Harold Camping "flabbergasted" by non-Rapture

Participants in a movement proselytizing that the world would end May 21, Judgment Day, walk through the streets on May 13, 2011 in New York City. A Florida man's drowning in a California lake was related to the Rapture prediction, a detective said. Spencer Platt/Getty Images

ALAMEDA, Calif. - The day after his prediction that the world would end on May 21, 2011 failed to materialize, Harold Camping told the San Francisco Chronicle he was "flabbergasted."

The 89-year-old fundamentalist minister and head of the Family Radio media empire, who had led his Christian followers to believe last Saturday marked the Rapture and the countdown to Judgment Day, told the Associated Press that he will make a full statement on his radio broadcast later on Monday.

But when he answered the door at his Alameda home to San Francisco Chronicle reporter Will Kane on Sunday, Camping said he was looking for answers - through frequent prayer and discussions with friends - as to why his prediction of the Rapture and the run-up to the destruction of Earth had not come to pass.

"It has been a really tough weekend," said Camping.

Some of Camping's followers say they are surprised they were not swept up to heaven, after Camping preached for years through his Oakland-based Family Radio International media empire that the Rapture was coming on May 21.

Camping had previously predicted the Rapture would occur back in 1994. When it didn't, he explained that an error in his mathematical computations from clues in the Bible were to blame, and he later revised his forecast.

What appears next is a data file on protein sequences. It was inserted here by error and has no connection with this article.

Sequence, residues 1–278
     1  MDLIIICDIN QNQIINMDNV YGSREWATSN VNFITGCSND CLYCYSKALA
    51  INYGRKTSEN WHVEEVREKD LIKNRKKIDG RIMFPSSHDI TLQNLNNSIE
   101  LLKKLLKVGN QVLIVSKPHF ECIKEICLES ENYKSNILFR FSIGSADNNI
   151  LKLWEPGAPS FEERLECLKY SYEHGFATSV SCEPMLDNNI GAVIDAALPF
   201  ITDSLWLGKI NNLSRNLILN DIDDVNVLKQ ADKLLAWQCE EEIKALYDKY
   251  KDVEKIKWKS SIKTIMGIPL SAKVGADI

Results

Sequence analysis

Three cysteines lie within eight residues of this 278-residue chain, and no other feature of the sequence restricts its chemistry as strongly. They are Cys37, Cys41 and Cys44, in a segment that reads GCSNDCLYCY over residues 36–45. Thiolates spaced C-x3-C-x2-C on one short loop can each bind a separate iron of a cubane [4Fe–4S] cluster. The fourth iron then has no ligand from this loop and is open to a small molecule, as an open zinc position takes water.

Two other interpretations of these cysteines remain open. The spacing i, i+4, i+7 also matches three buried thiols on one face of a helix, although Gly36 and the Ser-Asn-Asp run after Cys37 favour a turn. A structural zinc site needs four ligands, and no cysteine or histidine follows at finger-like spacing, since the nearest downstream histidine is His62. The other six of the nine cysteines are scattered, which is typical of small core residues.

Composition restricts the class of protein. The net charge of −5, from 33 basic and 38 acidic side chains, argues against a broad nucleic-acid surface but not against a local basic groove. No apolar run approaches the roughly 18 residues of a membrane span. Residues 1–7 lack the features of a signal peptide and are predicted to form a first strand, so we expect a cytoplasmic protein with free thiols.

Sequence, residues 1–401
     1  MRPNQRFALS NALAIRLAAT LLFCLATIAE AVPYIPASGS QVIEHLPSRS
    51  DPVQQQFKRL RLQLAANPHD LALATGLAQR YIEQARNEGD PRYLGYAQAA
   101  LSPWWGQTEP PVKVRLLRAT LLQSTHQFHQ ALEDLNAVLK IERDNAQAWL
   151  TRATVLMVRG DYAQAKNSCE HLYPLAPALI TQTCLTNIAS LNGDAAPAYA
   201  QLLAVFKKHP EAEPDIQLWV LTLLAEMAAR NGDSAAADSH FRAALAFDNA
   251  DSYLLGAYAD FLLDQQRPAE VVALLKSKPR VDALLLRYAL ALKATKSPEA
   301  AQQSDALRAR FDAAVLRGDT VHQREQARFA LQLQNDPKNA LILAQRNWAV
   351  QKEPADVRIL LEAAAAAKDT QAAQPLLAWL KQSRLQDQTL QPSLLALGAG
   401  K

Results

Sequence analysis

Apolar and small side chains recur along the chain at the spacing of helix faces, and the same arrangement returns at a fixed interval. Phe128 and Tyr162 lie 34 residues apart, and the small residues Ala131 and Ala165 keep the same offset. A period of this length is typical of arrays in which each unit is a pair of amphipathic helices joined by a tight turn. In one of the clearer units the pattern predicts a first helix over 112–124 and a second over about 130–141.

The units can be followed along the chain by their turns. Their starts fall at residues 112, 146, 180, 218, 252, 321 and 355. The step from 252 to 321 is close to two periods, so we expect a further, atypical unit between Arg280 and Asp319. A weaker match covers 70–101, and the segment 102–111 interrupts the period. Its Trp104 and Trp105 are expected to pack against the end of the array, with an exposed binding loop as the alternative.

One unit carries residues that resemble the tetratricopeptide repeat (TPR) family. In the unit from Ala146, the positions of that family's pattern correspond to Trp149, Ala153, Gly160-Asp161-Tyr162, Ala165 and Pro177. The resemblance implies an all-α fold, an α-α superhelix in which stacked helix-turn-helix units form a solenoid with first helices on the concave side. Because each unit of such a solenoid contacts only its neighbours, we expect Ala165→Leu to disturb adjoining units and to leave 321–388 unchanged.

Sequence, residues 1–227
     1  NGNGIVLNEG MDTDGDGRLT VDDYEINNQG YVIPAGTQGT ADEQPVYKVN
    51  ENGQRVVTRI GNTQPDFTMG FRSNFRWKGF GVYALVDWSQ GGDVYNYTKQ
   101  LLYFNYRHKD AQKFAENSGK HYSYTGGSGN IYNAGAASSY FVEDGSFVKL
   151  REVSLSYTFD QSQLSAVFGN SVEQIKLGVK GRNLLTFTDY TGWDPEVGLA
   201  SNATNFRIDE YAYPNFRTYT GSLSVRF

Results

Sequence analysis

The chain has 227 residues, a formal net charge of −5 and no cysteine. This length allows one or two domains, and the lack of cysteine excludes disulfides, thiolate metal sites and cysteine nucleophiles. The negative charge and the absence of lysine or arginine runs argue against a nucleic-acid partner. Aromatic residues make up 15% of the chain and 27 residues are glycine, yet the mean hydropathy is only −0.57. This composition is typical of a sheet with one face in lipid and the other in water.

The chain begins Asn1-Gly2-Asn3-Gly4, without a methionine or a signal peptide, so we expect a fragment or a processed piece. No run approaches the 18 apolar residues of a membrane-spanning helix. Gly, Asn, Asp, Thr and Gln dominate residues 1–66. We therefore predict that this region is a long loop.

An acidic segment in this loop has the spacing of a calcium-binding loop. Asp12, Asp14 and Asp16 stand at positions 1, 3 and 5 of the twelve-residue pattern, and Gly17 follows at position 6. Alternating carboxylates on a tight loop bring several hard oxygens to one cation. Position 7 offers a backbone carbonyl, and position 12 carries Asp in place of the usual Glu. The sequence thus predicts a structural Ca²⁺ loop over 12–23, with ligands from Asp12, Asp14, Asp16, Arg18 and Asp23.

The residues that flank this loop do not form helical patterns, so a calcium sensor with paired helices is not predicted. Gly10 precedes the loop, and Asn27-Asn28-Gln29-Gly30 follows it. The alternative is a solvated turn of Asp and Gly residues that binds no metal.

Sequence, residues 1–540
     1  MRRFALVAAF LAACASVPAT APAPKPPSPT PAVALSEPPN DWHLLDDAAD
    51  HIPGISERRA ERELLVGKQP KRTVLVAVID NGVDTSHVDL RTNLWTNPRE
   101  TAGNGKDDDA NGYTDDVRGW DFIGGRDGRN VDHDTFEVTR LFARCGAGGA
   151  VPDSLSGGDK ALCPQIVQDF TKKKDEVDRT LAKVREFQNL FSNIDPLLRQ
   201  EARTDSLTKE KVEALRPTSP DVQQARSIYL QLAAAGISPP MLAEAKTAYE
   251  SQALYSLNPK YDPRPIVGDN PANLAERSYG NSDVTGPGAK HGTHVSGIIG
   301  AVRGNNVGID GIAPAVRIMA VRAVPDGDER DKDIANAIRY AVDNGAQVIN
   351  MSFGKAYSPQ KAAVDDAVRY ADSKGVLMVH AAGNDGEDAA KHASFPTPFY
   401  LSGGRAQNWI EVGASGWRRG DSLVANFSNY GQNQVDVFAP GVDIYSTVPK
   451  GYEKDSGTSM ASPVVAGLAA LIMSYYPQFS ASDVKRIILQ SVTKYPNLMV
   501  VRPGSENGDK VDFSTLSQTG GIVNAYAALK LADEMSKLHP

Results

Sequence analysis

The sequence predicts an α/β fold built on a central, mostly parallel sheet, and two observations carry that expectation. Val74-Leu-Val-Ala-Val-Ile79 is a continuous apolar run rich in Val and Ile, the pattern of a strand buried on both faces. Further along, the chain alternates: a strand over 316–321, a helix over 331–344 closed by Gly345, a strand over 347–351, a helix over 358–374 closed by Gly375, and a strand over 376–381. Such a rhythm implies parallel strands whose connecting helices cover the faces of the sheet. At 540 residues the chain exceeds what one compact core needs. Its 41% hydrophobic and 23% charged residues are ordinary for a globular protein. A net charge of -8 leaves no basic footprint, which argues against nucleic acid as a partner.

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Along with the disappointment, believers who spent their savings to advertise the world's end are now facing more earthly concerns.

In New York's Times Square, Robert Fitzpatrick, of Staten Island, said he was surprised when the six o'clock hour simply came and went. He had spent his own money to put up advertising about the end of the world.

"I can't tell you what I feel right now," he said, surrounded by tourists. "Obviously, I haven't understood it correctly because we're still here."

Many followers said the delay was a further test from God to persevere in their faith.

"It's still May 21 and God's going to bring it," said Family Radio's special projects coordinator Michael Garcia, who spent Saturday morning praying and drinking two last cups of coffee with his wife at home in Alameda. "When you say something and it doesn't happen, your pride is what's hurt. But who needs pride? God said he resists the proud and gives grace to the humble."

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